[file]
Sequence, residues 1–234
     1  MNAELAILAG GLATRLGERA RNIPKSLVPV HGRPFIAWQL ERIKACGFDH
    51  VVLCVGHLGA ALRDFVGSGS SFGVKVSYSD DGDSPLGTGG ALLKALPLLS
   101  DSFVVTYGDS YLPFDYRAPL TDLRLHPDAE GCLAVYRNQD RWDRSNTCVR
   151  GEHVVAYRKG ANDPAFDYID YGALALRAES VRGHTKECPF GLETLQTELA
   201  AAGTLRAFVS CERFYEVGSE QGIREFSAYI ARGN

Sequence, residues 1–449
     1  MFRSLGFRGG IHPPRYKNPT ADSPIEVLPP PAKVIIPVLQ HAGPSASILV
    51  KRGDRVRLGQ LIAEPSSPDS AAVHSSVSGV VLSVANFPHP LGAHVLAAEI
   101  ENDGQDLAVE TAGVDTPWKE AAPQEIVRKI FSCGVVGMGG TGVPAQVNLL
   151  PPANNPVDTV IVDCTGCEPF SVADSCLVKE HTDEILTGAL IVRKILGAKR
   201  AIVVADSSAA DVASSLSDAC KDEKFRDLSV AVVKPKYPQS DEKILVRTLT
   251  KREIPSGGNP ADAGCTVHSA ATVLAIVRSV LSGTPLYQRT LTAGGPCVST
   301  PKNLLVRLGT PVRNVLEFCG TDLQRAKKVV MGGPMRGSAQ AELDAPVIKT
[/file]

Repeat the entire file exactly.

Sequence, residues 1–234
     1  MNAELAILAG GLATRLGERA RNIPKSLVPV HGRPFIAWQL ERIKACGFDH
    51  VVLCVGHLGA ALRDFVGSGS SFGVKVSYSD DGDSPLGTGG ALLKALPLLS
   101  DSFVVTYGDS YLPFDYRAPL TDLRLHPDAE GCLAVYRNQD RWDRSNTCVR
   151  GEHVVAYRKG ANDPAFDYID YGALALRAES VRGHTKECPF GLETLQTELA
   201  AAGTLRAFVS CERFYEVGSE QGIREFSAYI ARGN

Sequence, residues 1–449
     1  MFRSLGFRGG IHPPRYKNPT ADSPIEVLPP PAKVIIPVLQ HAGPSASILV
    51  KRGDRVRLGQ LIAEPSSPDS AAVHSSVSGV VLSVANFPHP LGAHVLAAEI
   101  ENDGQDLAVE TAGVDTPWKE AAPQEIVRKI FSCGVVGMGG TGVPAQVNLL
   151  PPANNPVDTV IVDCTGCEPF SVADSCLVKE HTDEILTGAL IVRKILGAKR
   201  AIVVADSSAA DVASSLSDAC KDEKFRDLSV AVVKPKYPQS DEKILVRTLT
   251  KREIPSGGNP ADAGCTVHSA ATVLAIVRSV LSGTPLYQRT LTAGGPCVST
   301  PKNLLVRLGT PVRNVLEFCG TDLQRAKKVV MGGPMRGSAQ AELDAPVIKT